Joint service delivery initiatives may relate to a range of services, including services to businesses that do not involve a significant amount of personal information, and services to individuals, which may involve considerable amounts of sensitive personal information. Whatever the nature of the service, it will be important that the agreement address the question of custody and control, since this will determine the extent to which the FOIP Act and RMR will apply in particular circumstances, and what conditions and standards apply to the records.

The agreement should state the types of records each party is providing, whether records transferred to another body remain under the control of the public body, whether the records should be segregated, and whether the records should be returned to the contributing body on the expiry or termination of the agreement.

In cases where a joint service delivery agreement involves services to individuals, it will be particularly important to work out the flow of personal information for the purposes of operating the program and to ensure that each of the participants in the program can collect or disclose personal information, as applicable, under its governing legislation.

The situation is most straightforward where the parties are subject to the FOIP Act with respect to the information collected, used or disclosed under the joint service delivery arrangement. The FOIP Act includes a provision for the disclosure of personal information to an employee of a public body if the disclosure is necessary for the delivery of a common or integrated program or service and for the performance of the duties of the employee to whom the information is disclosed (section 40(1)(i)). This provision enables public bodies to share personal information for the purpose of delivering a joint program.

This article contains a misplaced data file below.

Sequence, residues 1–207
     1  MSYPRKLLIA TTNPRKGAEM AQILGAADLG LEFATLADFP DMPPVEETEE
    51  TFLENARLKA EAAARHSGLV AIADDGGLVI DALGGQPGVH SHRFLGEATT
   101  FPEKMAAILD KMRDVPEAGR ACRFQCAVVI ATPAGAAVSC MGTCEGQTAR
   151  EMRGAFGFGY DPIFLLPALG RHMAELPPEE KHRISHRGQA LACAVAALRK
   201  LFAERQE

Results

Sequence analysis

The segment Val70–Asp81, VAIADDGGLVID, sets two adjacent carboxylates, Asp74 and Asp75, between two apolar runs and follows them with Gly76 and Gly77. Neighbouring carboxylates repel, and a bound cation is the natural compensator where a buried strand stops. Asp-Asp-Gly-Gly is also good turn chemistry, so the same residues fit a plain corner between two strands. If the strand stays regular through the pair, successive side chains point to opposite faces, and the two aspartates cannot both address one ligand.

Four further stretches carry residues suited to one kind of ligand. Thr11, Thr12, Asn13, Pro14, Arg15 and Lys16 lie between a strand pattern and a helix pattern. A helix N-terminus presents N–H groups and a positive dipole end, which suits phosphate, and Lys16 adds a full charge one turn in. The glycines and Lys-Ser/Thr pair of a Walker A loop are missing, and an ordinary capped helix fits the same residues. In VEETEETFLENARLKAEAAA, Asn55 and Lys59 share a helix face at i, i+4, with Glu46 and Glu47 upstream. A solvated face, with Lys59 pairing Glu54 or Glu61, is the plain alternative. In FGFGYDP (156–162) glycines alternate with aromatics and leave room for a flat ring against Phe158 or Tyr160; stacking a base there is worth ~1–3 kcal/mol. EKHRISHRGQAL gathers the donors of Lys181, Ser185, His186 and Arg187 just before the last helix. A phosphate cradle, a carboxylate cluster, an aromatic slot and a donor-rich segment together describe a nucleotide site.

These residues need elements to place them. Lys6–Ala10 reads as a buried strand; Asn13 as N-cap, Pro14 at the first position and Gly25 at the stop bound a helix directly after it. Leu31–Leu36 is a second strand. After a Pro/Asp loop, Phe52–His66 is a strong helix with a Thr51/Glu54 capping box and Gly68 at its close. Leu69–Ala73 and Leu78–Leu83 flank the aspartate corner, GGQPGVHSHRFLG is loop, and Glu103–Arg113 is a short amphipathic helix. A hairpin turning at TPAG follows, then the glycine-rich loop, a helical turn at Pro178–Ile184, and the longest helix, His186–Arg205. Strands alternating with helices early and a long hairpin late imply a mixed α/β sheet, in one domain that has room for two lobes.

Each public body must have its own authority to collect the personal information. Section 40(1)(i) then allows for indirect collection from the other public body; use of the personal information by each public body to perform its functions; and disclosure to the other public body as required to enable that body to perform its functions. Where a public body relies on section 40(1)(i), any indirect collection, use or disclosure must be limited to the purposes of the joint program.

The purpose of this provision is to eliminate the need for each public body to collect the same information from the client or for one public body to obtain the client’s consent to disclose information to the other public body. The intent is not to permit indirect collection, use or disclosure of personal information for administrative convenience, simply because public bodies have common clients. For more information on this subject, see FOIP Bulletin No. 8, Common Programs and Services, published by Access and Privacy, Service Alberta.

The joint service delivery agreement, or a separate information-sharing agreement, should address access to and correction of personal information by clients of the program or service, and protection of personal information, including requirements for recording the disclosure of personal information by one public body to another, as well as safeguards for the transmission of personal information. Each public body will be responsible for recording any personal information bank created as a result of the agreement in the public body’s directory of personal information banks.

The situation may be more complicated where one or more parties are not subject to the FOIP Act with respect to the information collected, used or disclosed under the agreement (including public bodies with respect to health information subject to the Health Information Act). In that case, it will be necessary to consider the effect of other party’s governing privacy legislation on the terms of the agreement. It may be necessary to obtain the consent of the individuals who will be participating in the program, to use or disclose their personal information. If that is the case, the agreement should address all aspects of the consent process.



Related sections of this Guide

Chapter

  • Key concepts: Custody and control

  • Information-sharing agreements

  • Interaction between the FOIP Act and other legislation

1.2

2.9


3

  • Use and retention of information about common clients

4.6

  • Business case

  • Privacy Impact Assessment (PIA)

  • Organization of records for alternative service delivery

5.2

5.4


5.6

  • Drafting the contract

6